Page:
DURHAM — SWAT teams are usually on standby for a hostage situation or a drug raid.The Durham Police Departmentplans to put its SWAT teams on the streets to track down repeat offenders, 24 hours a day.
About one year ago, there was an incident across the street from the police station. A man with ashotgun fired blasts from a hotel room. The Durham Police Selective Enforcement Team took care of the situation, but they had to be called in from all over the city from all of their various jobs and positions.
Durham police believe they can stop crime all over the city if they put the elite team on the streets full time.
Annie Horne lives in northeast-central Durham. Police respond to more calls in that area than in any other section of the city.
"I'm afraid that someone is going to bust in while I'm asleep, and that whenever they do, I won't have a chance to defend myself," Horne said.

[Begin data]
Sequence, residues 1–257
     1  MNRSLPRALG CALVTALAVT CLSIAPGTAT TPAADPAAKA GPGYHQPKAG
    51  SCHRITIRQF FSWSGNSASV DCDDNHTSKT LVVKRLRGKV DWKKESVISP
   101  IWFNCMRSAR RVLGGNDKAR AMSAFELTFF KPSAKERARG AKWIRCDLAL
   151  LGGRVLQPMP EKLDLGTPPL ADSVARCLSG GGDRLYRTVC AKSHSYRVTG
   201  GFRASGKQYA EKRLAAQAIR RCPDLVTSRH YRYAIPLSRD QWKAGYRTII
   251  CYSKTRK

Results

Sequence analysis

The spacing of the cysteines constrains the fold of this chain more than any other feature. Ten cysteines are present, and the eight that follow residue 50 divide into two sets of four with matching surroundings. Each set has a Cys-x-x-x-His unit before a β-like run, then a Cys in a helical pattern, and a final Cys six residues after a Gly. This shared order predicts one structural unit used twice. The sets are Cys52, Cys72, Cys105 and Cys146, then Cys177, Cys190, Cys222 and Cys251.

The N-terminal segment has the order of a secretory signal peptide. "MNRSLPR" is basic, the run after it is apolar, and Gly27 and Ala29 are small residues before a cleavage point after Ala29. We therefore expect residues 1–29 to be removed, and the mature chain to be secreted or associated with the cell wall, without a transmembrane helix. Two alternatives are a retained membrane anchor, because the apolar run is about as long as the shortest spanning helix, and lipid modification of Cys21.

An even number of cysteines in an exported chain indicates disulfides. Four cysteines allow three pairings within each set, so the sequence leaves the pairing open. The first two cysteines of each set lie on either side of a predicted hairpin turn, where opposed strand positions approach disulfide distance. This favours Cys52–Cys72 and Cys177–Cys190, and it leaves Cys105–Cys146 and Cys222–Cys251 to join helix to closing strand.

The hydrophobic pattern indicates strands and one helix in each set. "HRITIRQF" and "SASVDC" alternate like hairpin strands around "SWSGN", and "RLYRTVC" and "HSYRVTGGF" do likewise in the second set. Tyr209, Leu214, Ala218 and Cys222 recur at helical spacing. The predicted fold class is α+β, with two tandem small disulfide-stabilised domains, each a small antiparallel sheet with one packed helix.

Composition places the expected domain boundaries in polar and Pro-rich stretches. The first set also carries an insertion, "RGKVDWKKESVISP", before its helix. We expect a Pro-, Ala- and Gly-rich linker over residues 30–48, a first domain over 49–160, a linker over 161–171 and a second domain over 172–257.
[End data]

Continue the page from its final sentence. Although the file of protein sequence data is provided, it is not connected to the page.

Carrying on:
Durham police say that Horne and anyone else worried about violent crime can breathe a little easier. Starting July 1, the Special Enforcement Team, with its submachine guns and black jumpsuits, will be on duty 24 hours a day, seven days a week.
"We just like to see the cream rise to the top, and that is who gets on this team," says Capt. Bill Bond, who commands the Special Enforcement Team. He says that he is fully aware that some people do not like the tactics of the elite unit.
Neighbors and friendsrallied this weekendin support of two senior citizens who claim the unit roughed them up in a drug raid, where no drugs were found.
"The team operates along strict protocol and guidelines," Bond said. "They've got the community's interest at heart. Anything they do on entries or any tactical situation that they run or assess, is done to a standard, and the standard is quite high."
"Maybe I won't be so afraid, and maybe elder people won't be so afraid," Horne said. "Maybe they can come out on their porches and enjoy the summer."
The team will not always wear the black jumpsuits, sometimes they will work in plain clothes.